The hand-arm vibration syndrome causes changes in sensory perception which can lead to permanent numbness of fingers, muscle weakness and, in some cases, bouts of white finger. It is caused by working with vibrating tools. It would be unusual for you to develop hand-arm vibration syndrome unless you had used vibrating tools for at least ten years. If you stop working with vibrating tools it may prevent mild symptoms from getting worse.
Hand-arm vibration syndrome (HAVS) causes symptoms in fingers, hands and arms, as a result of using vibrating tools. It used to be called vibration white finger. The name was changed to HAVS, as other symptoms may occur in addition to white fingers.
HAVS is caused by repeated and frequent use of hand-held vibrating tools - for example, power drills, chainsaws, pneumatic drills, etc. It may also be caused by holding or working with machinery that vibrates. It is not clear how vibration causes the condition. It is probably due to slight but repeated injury to the small nerves and blood vessels in the fingers. Over time these may gradually lose some of their function and cause symptoms. Possibly, up to 1 in 10 people who work regularly with vibrating tools may develop HAVS.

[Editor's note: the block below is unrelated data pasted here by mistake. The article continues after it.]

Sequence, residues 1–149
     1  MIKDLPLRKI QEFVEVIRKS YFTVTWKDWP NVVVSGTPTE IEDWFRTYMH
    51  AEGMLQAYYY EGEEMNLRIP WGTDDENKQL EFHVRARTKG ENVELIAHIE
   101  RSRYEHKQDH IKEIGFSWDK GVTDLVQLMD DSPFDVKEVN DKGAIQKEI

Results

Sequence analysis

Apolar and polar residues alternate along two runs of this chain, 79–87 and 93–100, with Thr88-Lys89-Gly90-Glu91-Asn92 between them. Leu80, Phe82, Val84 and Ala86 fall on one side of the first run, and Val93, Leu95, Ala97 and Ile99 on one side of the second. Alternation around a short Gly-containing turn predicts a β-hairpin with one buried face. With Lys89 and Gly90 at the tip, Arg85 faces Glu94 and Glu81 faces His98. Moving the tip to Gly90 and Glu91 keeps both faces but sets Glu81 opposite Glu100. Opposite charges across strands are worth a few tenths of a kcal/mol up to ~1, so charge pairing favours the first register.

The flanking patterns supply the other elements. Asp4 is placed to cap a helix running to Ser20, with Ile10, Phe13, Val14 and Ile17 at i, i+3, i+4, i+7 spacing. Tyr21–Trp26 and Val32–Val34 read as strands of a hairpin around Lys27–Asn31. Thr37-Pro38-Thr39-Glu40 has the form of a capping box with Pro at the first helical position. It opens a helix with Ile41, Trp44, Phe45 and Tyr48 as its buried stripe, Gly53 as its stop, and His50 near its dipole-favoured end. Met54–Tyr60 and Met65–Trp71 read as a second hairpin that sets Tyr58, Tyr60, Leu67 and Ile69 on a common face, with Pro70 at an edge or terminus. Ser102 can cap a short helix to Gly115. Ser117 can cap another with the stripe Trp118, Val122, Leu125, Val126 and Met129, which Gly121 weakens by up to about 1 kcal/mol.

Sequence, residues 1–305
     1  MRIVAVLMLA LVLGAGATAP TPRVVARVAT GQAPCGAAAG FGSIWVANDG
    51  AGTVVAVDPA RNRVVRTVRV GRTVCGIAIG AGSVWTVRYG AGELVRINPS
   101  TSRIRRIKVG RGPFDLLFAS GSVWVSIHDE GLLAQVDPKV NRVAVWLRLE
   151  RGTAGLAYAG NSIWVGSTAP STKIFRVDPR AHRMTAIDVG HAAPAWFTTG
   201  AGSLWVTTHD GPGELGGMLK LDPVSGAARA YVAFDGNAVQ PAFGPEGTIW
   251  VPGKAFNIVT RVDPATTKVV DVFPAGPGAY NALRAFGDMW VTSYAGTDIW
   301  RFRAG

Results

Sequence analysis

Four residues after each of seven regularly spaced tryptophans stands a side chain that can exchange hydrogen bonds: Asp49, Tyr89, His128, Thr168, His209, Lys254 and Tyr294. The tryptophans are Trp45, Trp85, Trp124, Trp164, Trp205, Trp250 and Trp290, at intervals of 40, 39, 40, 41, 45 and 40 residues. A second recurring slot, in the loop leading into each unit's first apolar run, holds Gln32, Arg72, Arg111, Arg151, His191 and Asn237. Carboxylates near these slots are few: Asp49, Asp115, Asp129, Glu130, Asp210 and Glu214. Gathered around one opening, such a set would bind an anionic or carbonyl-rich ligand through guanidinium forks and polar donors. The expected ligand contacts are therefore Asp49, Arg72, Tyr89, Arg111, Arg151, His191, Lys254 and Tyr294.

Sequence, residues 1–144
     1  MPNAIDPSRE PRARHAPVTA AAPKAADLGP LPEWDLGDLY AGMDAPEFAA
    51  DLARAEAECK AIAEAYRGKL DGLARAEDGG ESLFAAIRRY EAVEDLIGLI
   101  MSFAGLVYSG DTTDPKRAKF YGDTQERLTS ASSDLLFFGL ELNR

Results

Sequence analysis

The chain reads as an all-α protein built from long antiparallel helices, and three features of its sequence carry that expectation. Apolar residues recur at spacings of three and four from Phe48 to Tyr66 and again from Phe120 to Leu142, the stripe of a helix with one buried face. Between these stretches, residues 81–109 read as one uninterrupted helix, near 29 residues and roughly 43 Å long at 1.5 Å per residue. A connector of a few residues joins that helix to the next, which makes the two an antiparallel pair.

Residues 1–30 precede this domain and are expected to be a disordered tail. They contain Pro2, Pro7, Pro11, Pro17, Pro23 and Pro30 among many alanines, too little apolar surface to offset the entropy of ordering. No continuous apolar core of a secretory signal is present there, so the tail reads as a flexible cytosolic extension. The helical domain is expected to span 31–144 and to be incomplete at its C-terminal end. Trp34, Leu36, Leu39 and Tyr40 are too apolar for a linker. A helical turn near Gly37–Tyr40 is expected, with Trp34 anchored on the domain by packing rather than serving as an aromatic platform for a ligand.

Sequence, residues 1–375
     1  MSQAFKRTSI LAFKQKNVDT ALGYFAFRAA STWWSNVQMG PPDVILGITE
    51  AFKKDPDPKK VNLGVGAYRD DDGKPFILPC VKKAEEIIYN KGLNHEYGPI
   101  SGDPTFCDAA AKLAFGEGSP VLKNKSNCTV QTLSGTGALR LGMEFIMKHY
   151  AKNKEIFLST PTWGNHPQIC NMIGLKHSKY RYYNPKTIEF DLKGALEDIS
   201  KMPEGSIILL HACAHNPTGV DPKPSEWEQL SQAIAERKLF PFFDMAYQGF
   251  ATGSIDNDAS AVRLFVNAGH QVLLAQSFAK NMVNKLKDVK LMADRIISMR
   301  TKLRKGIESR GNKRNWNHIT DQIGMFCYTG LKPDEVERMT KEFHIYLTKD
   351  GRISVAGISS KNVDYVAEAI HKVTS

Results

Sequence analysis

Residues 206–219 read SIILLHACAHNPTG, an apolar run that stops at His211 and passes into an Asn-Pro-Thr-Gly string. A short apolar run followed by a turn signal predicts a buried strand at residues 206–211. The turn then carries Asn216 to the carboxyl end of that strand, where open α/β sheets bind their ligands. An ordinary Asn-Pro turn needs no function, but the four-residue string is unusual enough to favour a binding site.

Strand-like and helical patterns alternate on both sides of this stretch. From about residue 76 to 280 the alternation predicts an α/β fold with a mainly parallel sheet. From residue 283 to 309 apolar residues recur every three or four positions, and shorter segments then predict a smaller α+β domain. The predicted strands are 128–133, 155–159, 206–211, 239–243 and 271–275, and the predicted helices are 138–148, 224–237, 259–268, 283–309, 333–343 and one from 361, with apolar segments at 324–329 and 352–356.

Nerves are affected initially, leading to changes in sensation. This can then be followed by Raynaud's phenomenon resulting from changes in the blood vessels and resulting in a white finger. These changes also lead to muscular aches and pains.
Numbness (loss of feeling) and/or tingling (pins and needles) in one or more fingers are usually the early features. It may be mild and just affect the tips of the finger(s) and come and go. In severe cases a permanent numbness may extend along affected fingers. This may cause clumsiness and difficulty in doing fine tasks - for example, it may become difficult to fasten buttons, handle coins, screws, nails, threads, etc. In many people the severity of nerve symptoms is somewhere in between these two extremes. Sometimes one finger is badly affected with other fingers only mildly affected.
Raynaud's phenomenon comes in bouts or attacks that are triggered by cold weather or touching a cold object. A typical bout of Raynaud's phenomenon is as follows:
Some people do not have the full classic colour changes, but still develop bouts of uncomfortable, pale, cold fingers. The duration of each bout of symptoms can last from minutes to hours. The amount of pain or discomfort varies between people. Symptoms usually go after each bout, but one or more bluish fingers may persist in severe cases.
(Vibrating tools are just one cause of Raynaud's phenomenon. There are other causes too. See separate leaflet called Raynaud's Phenomenon.)
Minor damage to the muscles, joints and bones may cause aches and pains in the hands and lower arm. The strength of your grip may be weakened.